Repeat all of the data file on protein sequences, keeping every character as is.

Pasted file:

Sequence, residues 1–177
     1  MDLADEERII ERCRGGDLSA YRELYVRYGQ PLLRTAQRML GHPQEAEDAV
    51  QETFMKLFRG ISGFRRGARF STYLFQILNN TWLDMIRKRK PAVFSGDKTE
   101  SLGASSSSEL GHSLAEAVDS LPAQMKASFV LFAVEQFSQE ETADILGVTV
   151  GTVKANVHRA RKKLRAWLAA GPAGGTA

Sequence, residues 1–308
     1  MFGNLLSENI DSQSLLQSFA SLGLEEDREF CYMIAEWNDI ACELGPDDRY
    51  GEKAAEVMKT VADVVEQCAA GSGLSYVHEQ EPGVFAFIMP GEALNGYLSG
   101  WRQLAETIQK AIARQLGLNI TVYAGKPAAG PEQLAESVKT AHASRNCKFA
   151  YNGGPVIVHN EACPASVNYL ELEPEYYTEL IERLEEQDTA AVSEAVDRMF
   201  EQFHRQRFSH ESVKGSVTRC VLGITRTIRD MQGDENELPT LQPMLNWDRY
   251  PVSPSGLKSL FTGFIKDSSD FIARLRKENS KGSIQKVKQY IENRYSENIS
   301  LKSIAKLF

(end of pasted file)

Sequence, residues 1–177
     1  MDLADEERII ERCRGGDLSA YRELYVRYGQ PLLRTAQRML GHPQEAEDAV
    51  QETFMKLFRG ISGFRRGARF STYLFQILNN TWLDMIRKRK PAVFSGDKTE
   101  SLGASSSSEL GHSLAEAVDS LPAQMKASFV LFAVEQFSQE ETADILGVTV
   151  GTVKANVHRA RKKLRAWLAA GPAGGTA

Sequence, residues 1–308
     1  MFGNLLSENI DSQSLLQSFA SLGLEEDREF CYMIAEWNDI ACELGPDDRY
    51  GEKAAEVMKT VADVVEQCAA GSGLSYVHEQ EPGVFAFIMP GEALNGYLSG
   101  WRQLAETIQK AIARQLGLNI TVYAGKPAAG PEQLAESVKT AHASRNCKFA
   151  YNGGPVIVHN EACPASVNYL ELEPEYYTEL IERLEEQDTA AVSEAVDRMF
   201  EQFHRQRFSH ESVKGSVTRC VLGITRTIRD MQGDENELPT LQPMLNWDRY
   251  PVSPSGLKSL FTGFIKDSSD FIARLRKENS KGSIQKVKQY IENRYSENIS
   301  LKSIAKLF